• Research

Regulation of autophagy by Salmonella

A combined computational and wet lab approach to understand how Salmonella is controlling our cells in the gut.

Project summary.

Led by: Korcsmáros Group

Start date: 17 March 2014

Duration: Ongoing

Grant: EI CSP WP2 / QIB Gut Microbes and Health ISP

Our key research aim is to examine how the functions of intestinal cells are compromised as a consequence of autophagy down-regulation, caused by Salmonella infection. Autophagy is a common recycling process in which cells degrade their unnecessary or damaged parts. It is important in the defence against infections, which is why pathogens like Salmonella hijack it. Bacteria such as Salmonella enter gut cells and then aim to avoid those cells’ degradation. A better understanding of how they do it would help us to develop new drugs or treatments for several illnesses.

We develop new bioinformatics resources and combine existing technologies for studying the host response to infection (ARN and SalmoNet). We identify human gut cell autophagy proteins whose quantity changes with Salmonella infection. Using bioinformatics tools and resources we search for the affected proteins’ associated regulators, and test the likely candidates in experiments. Rather than experiment with actual human gut, we use cell culture, organ cultures (‘organoids’), which are near-physiological 3D model systems that facilitate studying a range of in vivo biological processes including cell differentiation, anti-microbial peptide production, and host-microbe interactions.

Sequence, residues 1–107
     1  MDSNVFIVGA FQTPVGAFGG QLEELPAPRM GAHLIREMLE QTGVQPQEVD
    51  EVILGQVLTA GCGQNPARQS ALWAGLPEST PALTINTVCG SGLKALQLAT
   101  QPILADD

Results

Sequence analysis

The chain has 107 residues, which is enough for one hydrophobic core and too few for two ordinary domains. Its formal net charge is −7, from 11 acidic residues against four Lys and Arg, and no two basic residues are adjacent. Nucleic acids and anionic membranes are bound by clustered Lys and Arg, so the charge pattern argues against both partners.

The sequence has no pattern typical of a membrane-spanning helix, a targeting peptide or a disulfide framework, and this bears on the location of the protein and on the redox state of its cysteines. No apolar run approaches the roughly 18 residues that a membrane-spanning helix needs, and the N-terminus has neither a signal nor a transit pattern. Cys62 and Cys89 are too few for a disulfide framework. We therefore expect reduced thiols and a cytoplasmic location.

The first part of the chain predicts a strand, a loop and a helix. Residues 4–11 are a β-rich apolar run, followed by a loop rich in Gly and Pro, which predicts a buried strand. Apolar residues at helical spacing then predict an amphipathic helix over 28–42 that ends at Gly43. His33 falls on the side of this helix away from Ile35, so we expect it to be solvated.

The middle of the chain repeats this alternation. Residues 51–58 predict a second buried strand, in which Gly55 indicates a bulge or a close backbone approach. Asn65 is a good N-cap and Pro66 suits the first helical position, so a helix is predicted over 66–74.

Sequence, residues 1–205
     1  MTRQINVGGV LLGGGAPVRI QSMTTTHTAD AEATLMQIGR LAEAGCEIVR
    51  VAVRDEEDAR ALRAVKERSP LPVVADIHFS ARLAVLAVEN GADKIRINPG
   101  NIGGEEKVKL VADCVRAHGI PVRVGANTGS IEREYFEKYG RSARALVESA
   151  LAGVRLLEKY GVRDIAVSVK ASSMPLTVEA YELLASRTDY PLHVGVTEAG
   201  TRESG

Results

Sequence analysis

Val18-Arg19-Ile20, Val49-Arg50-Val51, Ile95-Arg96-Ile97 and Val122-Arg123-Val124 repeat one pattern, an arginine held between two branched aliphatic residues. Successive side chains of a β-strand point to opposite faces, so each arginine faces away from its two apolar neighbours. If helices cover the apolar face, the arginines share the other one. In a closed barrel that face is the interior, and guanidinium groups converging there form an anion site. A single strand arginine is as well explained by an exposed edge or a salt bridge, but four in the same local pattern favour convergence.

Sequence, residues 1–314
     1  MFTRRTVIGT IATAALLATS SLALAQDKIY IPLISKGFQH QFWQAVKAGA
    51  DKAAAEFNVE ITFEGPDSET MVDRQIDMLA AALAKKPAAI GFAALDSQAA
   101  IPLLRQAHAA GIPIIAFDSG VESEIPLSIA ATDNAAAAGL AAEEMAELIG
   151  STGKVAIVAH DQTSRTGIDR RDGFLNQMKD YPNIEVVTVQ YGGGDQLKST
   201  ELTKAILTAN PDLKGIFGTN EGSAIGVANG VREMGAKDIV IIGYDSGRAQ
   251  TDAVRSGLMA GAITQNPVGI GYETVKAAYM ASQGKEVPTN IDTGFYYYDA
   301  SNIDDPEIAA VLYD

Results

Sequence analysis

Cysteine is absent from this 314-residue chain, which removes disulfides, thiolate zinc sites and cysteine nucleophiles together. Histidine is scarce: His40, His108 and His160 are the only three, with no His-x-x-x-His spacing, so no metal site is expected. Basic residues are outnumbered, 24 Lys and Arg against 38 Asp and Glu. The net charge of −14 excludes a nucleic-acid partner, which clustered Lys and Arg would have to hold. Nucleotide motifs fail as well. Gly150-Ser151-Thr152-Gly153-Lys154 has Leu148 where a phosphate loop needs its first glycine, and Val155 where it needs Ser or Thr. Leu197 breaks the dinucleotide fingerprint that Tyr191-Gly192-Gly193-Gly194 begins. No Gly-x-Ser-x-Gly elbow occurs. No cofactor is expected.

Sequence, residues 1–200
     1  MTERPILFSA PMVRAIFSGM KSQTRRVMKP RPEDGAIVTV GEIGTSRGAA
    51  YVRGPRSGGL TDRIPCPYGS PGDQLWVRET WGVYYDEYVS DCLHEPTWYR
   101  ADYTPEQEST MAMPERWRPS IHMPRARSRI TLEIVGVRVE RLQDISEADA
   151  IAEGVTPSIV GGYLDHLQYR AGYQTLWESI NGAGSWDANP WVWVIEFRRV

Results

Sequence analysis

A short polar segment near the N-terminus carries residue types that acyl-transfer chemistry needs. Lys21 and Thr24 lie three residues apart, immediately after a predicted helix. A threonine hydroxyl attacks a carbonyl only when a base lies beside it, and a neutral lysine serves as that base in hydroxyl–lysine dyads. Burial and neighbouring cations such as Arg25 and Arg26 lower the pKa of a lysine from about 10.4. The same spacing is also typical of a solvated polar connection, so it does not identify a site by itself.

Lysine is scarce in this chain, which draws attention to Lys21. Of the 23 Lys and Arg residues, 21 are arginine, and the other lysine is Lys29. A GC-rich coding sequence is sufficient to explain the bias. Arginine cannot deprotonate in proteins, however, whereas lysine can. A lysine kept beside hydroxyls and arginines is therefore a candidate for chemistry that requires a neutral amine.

The validated autophagy regulators affected by Salmonella could enable drug development projects of pharmaceutical companies to design novel drugs against Salmonella infection (which is the second most common cause of childhood mortality in the developing world), and the list of Salmonella-affected proteins can be used to develop gut health promoting treatments and personalised medicine-based strategies to identify risk for certain diseases.


In the last decade, network representation has allowed us to identify essential molecules at the systems-level. It has also furthered our understanding of how changes in cellular processes can lead to complex diseases, such as inflammatory bowel disease (IBD) and cancer. Many changes have apparent pro- or anti-disease effects but there are some processes for which the effect is not that clear. One of them is autophagy, a cellular degradation process. Autophagy is known to be important in stress responses, regulation of inflammation, and intestinal homeostasis, including the elimination of intracellular pathogens. Conversely, autophagy is often hijacked or manipulated by intestinal pathogenic bacteria, such as Salmonella. A better understanding the effect of certain bacterial species on the regulation of human intestinal autophagy could help us to propose IBD and colon cancer prognosis markers.

Autophagy is a complex cellular process and its major post-translational regulators are well known, however, they have not yet been collected comprehensively. The precise and context dependent regulation of autophagy necessitates additional regulators, including transcriptional and post-transcriptional components that are listed in various datasets. Prompted by the lack of systems-level autophagy-related information, we developed an online resource, Autophagy Regulatory Network (ARN), to provide an integrated database for autophagy research. ARN contains manually curated, imported and predicted interactions of autophagy components in humans. We listed transcription factors and miRNAs that could regulate autophagy components or their protein regulators.

The user-friendly website of ARN allows researchers without computational background to search, browse and download the database. The database can be downloaded in various file formats. ARN has the potential to facilitate the experimental validation of novel autophagy components and regulators. In addition, ARN helps the investigation of transcription factors, miRNAs and signaling pathways implicated in the control of the autophagic pathway.